When businesses engage in partnerships for the Goals, this is more than just signing checks. It means inserting the “do good” imperative of the Sustainable Development Goals (SDGs) into corporate culture, business cases, innovation cycles, investor relationships, and, of course, the daily management processes and (extra-)financial reporting.

The Yearbook includes arguments from academic and business experts, the World Bank, and the Club of Rome, as well as UN entities, among them UNDP, UNSSC, UNOPS, UN JIU, and UN DESA.

A core question concerns financing partnerships.

Sustainable development requires sustainable financing. UN sources estimate the need for financing the SDGs to be from $4 to 4.5 trillion annually. Current annual investments total about $1.5 trillion. So we are talking about an annual investment gap of $2.5 to $3 trillion. To close this gap, financing from private sources is needed, including from capital markets, institutional investors, and businesses.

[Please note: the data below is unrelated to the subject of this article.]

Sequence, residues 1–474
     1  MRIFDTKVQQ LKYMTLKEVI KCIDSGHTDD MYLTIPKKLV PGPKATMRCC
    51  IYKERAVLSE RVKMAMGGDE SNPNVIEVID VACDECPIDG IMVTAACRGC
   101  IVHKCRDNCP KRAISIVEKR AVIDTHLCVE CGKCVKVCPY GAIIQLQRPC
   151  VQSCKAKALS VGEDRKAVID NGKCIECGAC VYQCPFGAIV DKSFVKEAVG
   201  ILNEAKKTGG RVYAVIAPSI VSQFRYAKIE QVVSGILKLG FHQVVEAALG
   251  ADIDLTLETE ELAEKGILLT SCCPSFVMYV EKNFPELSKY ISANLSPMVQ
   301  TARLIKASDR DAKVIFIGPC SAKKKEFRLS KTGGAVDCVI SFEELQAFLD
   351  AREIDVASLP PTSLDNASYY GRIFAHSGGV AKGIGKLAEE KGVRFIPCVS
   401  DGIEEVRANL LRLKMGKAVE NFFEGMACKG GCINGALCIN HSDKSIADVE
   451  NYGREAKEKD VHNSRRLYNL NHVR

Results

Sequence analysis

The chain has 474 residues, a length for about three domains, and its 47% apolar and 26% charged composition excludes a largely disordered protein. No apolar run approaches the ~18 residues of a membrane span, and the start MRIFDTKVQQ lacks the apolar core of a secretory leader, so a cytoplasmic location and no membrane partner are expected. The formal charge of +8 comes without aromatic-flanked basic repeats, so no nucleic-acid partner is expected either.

With private-sector engagement, not only does a new player enter the arena, but also new rules are being applied: “Financing” is a fundamentally different concept than the traditional idea of “funding.” It connects the “return on investment” concept with the SDGs. The question is: How do we combine social benefits with profit?

Good practices.
Corresponding to the idea of learning from role models, the Global Goals Yearbook 2018 includes 39 good practices of corporate participants that showcase different approaches to the implementation of the SDGs.

Global Goals Yearbook 2018

Münster 2018: macondo publishing, 172 pages
ISBN: 978-3-946284-05-5
Sales Price: 25,00 EUR

About the Global Goals Yearbook: